Oil industry discusses 'State of Energy' after recent downturn
SAN ANTONIO – Despite a small bump in crude oil prices on Wednesday, prices remain near a seven-year low, sitting near $40 a barrel.
"Unfortunately, we've lost a number of jobs over the last year and a half and I’m afraid that trend is going to continue in the near future,” said David Porter, chairman of the Texas Railroad Commission.
Porter, along with other oil and gas industry leaders discussed the issues facing their industry at the first annual State of Energy luncheon. The luncheon was hosted by Shale Oil and Gas Business Magazine and the San Antonio Hispanic Chamber of Commerce.
Other speakers included Tim Baer, who represented the Encana Corporation, a company that deals in oil and natural gas and operates in the Eagle Ford Shale. Baer admitted that times had become tougher and margins were thinning.
"We try to manage with what we have,” Baer said. "We work to try to reduce our costs."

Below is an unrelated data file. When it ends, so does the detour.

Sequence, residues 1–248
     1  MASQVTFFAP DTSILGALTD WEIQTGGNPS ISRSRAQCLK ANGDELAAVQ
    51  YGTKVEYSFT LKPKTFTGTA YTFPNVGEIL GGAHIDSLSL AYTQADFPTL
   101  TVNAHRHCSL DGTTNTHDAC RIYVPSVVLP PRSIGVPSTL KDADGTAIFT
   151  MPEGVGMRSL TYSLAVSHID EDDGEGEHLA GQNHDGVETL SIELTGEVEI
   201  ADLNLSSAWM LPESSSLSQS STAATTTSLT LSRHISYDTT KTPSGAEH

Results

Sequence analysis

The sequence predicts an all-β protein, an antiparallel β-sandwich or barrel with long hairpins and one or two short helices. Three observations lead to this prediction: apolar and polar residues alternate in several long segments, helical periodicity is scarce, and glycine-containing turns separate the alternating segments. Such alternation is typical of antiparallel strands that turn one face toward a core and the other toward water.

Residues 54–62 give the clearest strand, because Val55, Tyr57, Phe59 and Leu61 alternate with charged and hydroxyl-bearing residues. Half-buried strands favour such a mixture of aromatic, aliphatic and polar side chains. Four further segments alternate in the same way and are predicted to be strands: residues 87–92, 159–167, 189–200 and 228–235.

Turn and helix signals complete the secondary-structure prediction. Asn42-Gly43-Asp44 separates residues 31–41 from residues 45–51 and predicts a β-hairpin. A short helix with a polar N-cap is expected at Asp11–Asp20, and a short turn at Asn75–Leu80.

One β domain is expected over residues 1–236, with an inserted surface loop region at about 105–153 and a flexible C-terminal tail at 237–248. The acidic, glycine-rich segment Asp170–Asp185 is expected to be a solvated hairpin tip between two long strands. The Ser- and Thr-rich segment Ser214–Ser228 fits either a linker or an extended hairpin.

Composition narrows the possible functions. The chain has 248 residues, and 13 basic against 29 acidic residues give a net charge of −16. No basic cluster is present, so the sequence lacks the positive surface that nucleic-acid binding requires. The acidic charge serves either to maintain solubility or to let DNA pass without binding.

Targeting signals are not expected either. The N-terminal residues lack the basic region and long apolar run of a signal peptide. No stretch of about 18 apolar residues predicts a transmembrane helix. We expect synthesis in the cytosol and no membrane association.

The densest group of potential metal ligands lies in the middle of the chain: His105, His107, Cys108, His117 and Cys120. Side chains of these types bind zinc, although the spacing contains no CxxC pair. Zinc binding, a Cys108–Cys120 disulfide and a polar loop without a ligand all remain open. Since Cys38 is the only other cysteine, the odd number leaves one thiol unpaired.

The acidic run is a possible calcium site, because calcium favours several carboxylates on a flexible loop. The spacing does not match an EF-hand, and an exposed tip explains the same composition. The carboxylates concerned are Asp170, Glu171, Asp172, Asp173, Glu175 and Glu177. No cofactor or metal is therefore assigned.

For other companies, that has meant cutting jobs. Baer said Encana has escaped job reduction for now.
"We're always looking at it, but hopefully at this point, that's not going to be the case,” he said.
Layoffs, in general, however, are becoming more and more common in the industry. It was just two years ago that crude oil prices sat at over $100 a barrel. Now, prices are hovering around $40 a barrel.
While it may seem bleak for some, the news is certainly not all bad.
"There's abundant natural gas right here in South Texas,” said Tom Forbes, with Texas for LNG (Liquefied Natural Gas).
Natural gas, too, has seen low prices, but recent regulatory changes have allowed a new money source to blossom from the commodity. The export of liquefied natural gas is expected to soon take off. In fact, seven plants that would do just that are either being built along the Texas coast or are in the works.
"We've seen one report that estimates that perhaps as many as 150,000 jobs would be created between now and 2035,” Forbes said.
New technology to streamline production was also presented to the attendants at the State of Energy luncheon. Technology in the oil fields is expected to help companies to save money.
Despite the current downturn, most agreed the oil and gas industry will eventually make a comeback, as it has in the past. It is also expected to remain a large part of the South Texas economy.
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